More broadly groups will need to prepare more, better and potentially different transfer pricing documentation. BEPS changes to transfer pricing rules – specifically the increased focus on the role of decision making and risk control functions – means the value of retaining a clear evidence trail explaining how the business makes decisions and how business functions develop has never been higher. Some of your compliance planning may not look like transfer pricing documentation at all, but ‘governance frameworks’ or ‘business mandates’ used commercially should be prepared and/ or closely scrutinised.

3. Monitor - Planning for and coping with change

So what might happen in 2017? With Brexit, new US President Trump and multiple major European elections this year there is perhaps more uncertainty in the geopolitical climate than at any time for a generation – market uncertainty is a realistic expectation for the year to come. 

But let’s be optimistic, we hope that the commodity price rally at the back end of last year and early this year (as seen through the rise in copper and crude oil prices in Q4 2016 and uplift in coffee prices in January 2017) continues. Certainly the relatively low prices we have seen have subdued the commodities sector – even though many traders thrive through price volatility – it is likely easier for physical traders (particularly those with physical assets) to earn profits in a rising market.

Regulatory change is also on the horizon. MIFID II developments have seen delays, but the European Commission published details of key exemption tests in December 2016. An article on the likely impact of MIFID II on commodity traders is attached to this message. In short, anyone trading commodity derivatives will need to undertake an ancillary business test to determine whether or not they can remain unregulated from January 2018. More commodity traders, were they to continue operating the same way, may need to become an authorised investment firm or, for those already regulated, to have further business activities come under the regulated umbrella.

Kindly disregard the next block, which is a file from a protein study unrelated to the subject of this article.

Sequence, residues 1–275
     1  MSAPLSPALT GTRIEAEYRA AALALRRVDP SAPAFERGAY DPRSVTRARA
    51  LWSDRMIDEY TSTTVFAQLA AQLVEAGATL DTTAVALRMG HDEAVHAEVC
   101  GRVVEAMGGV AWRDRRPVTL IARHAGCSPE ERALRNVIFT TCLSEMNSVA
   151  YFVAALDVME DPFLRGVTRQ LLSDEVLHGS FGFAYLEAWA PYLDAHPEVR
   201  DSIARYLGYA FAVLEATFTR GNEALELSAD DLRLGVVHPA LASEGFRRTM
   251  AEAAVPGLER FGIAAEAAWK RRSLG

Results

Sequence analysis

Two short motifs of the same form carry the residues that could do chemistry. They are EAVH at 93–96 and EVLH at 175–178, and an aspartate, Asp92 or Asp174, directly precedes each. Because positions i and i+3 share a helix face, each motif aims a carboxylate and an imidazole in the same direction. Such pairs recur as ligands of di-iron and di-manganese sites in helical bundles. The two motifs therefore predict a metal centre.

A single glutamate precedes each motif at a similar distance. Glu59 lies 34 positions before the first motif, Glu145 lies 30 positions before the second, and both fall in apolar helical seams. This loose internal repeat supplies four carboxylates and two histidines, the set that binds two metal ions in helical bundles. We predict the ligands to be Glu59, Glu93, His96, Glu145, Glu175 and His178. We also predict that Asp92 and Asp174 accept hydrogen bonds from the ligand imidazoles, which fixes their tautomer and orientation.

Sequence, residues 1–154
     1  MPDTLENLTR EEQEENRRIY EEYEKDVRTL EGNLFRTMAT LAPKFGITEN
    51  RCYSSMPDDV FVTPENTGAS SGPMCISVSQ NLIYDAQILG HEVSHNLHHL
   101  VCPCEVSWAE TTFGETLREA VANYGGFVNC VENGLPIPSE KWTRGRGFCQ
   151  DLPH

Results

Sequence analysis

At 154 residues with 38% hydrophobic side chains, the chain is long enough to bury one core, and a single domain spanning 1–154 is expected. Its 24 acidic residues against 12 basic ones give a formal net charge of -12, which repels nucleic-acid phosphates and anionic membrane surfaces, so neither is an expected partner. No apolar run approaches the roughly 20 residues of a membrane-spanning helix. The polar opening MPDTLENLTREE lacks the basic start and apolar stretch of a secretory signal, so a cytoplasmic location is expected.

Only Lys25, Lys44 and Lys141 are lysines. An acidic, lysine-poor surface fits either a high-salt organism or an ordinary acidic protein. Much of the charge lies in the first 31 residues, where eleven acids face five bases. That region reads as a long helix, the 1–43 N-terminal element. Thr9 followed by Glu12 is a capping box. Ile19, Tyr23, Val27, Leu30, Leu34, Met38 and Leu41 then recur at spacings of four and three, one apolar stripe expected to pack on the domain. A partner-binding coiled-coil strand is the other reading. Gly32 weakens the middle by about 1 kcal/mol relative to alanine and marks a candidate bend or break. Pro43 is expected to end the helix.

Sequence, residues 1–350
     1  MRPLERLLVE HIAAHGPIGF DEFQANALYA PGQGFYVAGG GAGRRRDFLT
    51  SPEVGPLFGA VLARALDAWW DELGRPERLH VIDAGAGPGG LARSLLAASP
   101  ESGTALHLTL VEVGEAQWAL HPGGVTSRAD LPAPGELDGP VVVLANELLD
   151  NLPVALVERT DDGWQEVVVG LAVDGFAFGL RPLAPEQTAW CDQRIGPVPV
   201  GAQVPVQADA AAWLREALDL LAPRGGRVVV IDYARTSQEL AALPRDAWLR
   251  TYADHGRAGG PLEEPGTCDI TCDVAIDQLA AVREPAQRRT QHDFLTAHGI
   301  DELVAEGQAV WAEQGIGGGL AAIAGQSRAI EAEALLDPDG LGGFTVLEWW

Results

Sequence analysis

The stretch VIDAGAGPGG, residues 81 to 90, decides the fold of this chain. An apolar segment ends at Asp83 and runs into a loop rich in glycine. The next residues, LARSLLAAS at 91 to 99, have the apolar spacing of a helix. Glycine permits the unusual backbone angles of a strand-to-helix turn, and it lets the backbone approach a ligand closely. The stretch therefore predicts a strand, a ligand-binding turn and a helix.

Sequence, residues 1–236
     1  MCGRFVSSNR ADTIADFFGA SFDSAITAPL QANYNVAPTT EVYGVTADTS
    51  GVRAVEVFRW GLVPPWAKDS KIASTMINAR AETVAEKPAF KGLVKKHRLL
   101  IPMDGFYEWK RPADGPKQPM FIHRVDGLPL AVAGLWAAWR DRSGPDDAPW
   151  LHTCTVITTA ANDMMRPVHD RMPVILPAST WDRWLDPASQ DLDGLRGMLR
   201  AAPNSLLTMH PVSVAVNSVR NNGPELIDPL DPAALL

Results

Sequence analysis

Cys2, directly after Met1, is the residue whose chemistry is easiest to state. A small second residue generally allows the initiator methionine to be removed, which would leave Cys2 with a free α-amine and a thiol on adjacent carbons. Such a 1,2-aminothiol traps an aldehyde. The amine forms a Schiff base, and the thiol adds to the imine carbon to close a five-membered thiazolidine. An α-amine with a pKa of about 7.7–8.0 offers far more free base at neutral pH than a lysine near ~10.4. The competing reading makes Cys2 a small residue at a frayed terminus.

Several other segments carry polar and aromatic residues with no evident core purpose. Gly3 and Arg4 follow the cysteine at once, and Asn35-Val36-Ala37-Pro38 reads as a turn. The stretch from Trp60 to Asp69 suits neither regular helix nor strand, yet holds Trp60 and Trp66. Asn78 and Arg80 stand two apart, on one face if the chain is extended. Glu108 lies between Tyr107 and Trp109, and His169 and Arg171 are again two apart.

The immediate concern forcommodity traders will be assessing the impact of the ancillary business test. We note that time is tight with only a few months before action is needed. If changes are required, some form of restructuring may be hard to avoid. This brings into question, the continuing reliability of your existing transfer pricing arrangements, as well as what an alternative commercially justifiable and competitive business operating model looks like for you.

In Summary:

Key messages for commodity trading tax professionals in 2017: 

  1. Prepare for the future by ensuring you have a coherent and flexible tax model that complies with the latest BEPS proposals and domestic law requirements.
  2. Start executing your global documentation now, if you haven’t already. It may not be required in every jurisdiction this year, but it will be required in many. Remember that tax authorities will likely exchange Master file documents in future years. 
  3. Remember that best in class documentation is about more than just Action 13 compliance: How will you gather / present evidence supporting the location of key substance, such as how important decisions were taken?
  4. Manage uncertainties by staying close to the business and your regulatory colleagues in order to monitor (and potentially influence) business change.

For more information please contact:

Richard Murray

Andrew Lister